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Obama admin more “pro trade” than it appears, claims new Conference Board of Canada report

Any report that uses the term “pro-trade incumbents in Congress” is bound to be hostile to critics of free trade agreements. Heading over to the Conference Board of Canada website to find out, that assessment holds.

The full sentence, found on page 1 of Marc Busch’s report, is: “Trade-skeptics unseated 13 pro-trade incumbents and won 20 open contests, furthering a trend that, since the 2006 electoral cycle, has seen a net gain of 72 trade-skeptics across both houses of Congress.”

“Trade” here is conflated with “open markets”, which “unseats” the bias in the report. Still Busch does provide a good picture of Obama’s trade team in the administration (and why that team might be even more “pro-trade” than the last guy).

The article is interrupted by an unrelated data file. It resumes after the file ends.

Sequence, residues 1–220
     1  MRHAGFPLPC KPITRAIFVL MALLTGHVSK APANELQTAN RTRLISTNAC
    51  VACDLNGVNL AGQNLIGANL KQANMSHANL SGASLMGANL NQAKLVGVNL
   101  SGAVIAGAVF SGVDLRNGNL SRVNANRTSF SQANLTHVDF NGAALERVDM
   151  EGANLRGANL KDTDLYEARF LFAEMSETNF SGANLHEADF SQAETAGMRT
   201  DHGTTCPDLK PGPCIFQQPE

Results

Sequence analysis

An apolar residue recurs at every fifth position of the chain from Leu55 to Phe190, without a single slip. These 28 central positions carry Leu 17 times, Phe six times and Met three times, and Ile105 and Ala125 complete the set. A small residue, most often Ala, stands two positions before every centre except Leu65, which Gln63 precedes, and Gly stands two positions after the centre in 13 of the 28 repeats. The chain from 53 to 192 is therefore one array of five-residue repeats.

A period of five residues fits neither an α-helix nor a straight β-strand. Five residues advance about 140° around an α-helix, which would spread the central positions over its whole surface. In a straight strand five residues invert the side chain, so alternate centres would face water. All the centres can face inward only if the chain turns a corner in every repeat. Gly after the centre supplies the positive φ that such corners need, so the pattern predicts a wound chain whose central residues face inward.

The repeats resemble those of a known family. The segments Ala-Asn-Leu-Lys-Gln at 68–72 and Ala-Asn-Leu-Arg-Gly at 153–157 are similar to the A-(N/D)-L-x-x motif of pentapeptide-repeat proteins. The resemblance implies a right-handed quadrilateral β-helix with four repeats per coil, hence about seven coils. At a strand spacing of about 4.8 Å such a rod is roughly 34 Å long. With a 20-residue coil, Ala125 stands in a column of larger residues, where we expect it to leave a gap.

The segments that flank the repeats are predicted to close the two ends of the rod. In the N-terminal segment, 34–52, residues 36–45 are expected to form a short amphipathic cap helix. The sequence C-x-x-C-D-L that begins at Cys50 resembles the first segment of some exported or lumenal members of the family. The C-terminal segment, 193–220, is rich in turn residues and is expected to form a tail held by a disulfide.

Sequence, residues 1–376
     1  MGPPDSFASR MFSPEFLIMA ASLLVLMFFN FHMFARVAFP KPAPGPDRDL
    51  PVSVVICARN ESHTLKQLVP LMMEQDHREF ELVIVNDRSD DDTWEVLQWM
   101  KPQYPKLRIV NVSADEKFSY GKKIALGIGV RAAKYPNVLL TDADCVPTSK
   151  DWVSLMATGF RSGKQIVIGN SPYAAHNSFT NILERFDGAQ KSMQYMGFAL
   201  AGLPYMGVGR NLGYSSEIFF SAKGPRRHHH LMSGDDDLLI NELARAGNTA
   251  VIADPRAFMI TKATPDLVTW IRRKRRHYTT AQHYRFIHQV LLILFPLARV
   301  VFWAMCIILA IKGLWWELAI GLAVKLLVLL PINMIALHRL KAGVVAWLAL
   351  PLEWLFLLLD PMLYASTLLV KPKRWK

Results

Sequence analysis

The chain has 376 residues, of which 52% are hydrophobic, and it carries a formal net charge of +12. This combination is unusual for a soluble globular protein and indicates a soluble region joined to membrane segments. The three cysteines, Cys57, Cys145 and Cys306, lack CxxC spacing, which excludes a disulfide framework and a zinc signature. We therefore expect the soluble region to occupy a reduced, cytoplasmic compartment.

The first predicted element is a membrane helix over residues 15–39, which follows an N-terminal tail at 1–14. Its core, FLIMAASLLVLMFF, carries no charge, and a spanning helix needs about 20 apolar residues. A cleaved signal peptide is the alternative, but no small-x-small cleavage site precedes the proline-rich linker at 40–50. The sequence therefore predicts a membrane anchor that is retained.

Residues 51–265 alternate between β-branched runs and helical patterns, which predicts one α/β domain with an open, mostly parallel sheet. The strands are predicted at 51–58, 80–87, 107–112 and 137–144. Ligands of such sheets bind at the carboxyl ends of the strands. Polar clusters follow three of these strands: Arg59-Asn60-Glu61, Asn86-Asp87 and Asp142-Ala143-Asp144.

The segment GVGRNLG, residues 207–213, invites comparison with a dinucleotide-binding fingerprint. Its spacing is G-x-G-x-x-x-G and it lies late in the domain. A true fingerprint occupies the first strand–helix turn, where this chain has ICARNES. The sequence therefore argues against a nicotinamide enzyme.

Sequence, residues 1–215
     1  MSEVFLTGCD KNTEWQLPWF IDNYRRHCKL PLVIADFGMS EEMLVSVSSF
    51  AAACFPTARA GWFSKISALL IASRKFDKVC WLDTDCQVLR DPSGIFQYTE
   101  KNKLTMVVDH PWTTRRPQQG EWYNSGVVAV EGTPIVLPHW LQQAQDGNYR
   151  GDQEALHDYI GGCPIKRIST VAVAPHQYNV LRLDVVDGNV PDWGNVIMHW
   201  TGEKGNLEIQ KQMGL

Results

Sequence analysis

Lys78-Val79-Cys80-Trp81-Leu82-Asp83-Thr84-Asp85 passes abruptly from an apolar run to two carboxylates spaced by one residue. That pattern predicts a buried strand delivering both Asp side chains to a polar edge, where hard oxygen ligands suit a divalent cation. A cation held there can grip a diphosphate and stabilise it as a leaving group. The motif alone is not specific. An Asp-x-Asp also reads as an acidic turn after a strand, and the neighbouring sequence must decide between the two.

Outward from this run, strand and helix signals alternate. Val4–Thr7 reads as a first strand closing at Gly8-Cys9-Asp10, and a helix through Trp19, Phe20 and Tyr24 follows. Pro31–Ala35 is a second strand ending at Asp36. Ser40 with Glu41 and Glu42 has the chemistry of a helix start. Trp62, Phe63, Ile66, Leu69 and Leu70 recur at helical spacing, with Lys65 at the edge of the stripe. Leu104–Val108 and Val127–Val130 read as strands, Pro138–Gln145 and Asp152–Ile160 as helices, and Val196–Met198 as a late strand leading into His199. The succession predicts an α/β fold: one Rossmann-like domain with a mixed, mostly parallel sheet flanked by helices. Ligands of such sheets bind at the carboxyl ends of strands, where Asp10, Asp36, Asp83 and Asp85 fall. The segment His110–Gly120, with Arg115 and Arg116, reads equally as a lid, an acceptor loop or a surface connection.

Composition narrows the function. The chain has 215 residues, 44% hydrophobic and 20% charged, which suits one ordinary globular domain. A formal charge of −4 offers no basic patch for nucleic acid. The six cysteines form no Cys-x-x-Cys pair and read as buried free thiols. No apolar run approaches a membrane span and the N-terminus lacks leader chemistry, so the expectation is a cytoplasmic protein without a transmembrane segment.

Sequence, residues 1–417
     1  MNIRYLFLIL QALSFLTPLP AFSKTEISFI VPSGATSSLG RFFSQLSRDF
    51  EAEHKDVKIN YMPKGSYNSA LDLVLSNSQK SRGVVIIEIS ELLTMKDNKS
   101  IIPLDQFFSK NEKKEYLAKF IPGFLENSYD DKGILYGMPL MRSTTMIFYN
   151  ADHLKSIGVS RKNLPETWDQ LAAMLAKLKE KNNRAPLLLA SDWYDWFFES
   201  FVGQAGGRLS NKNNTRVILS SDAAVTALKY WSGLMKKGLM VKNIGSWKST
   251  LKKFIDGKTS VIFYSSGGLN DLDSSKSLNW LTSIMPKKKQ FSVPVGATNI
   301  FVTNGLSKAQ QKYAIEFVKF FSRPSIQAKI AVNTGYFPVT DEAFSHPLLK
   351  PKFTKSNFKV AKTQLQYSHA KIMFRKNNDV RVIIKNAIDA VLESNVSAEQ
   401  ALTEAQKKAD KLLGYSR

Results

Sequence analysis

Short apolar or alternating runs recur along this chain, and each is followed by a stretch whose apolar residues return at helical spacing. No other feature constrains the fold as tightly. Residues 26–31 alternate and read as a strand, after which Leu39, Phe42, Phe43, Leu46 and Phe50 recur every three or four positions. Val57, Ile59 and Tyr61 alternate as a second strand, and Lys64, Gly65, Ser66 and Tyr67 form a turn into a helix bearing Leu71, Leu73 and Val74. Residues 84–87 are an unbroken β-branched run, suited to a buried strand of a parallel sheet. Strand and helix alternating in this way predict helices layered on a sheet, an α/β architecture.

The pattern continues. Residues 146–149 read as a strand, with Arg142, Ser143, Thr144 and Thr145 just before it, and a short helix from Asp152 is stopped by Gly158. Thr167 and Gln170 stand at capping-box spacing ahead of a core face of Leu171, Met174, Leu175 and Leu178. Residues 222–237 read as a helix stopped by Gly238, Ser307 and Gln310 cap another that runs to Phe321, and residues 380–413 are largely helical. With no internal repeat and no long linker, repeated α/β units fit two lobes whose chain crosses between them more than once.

For instance, “Obama has signaled his intention to ask Congress for TPA” – trade promotion (or fast-track) authority, writes Busch. “This is key. TPA allows the president to negotiate a trade deal and then submit it to Congress, which can vote ‘yea’ or ‘nea’ to the deal but cannot amend the agreement. Without TPA, the president lacks credibility going into negotiations with foreign governments (since whatever deal he works out could then be changed by Congress).”

The key to passing new FTAs, says Busch, will be an emphasis on tough enforcement, including of labour standards in the case of Colombia, and the resuscitation Section 301, “which allows firms to petition the USTR to take action against other countries, but has not been used since 1999, when it was largely curtailed by WTO litigation.”

Enforcing labour and environmental standards in the NAFTA region, by bringing the two side agreements within the agreement and making them legally enforceable, will have the effect of weakening them, adds Busch, “because the legal standards applied in dispute settlement will curtail their arbitrary application” – a debatable but interesting point.

Finally, and this is what made headlines, Canada should leave Mexico out of trade talks with the U.S. because the U.S. equates NAFTA with Mexico.

Go to www.conferenceboard.ca to read the full report (you’ll have to sign in first).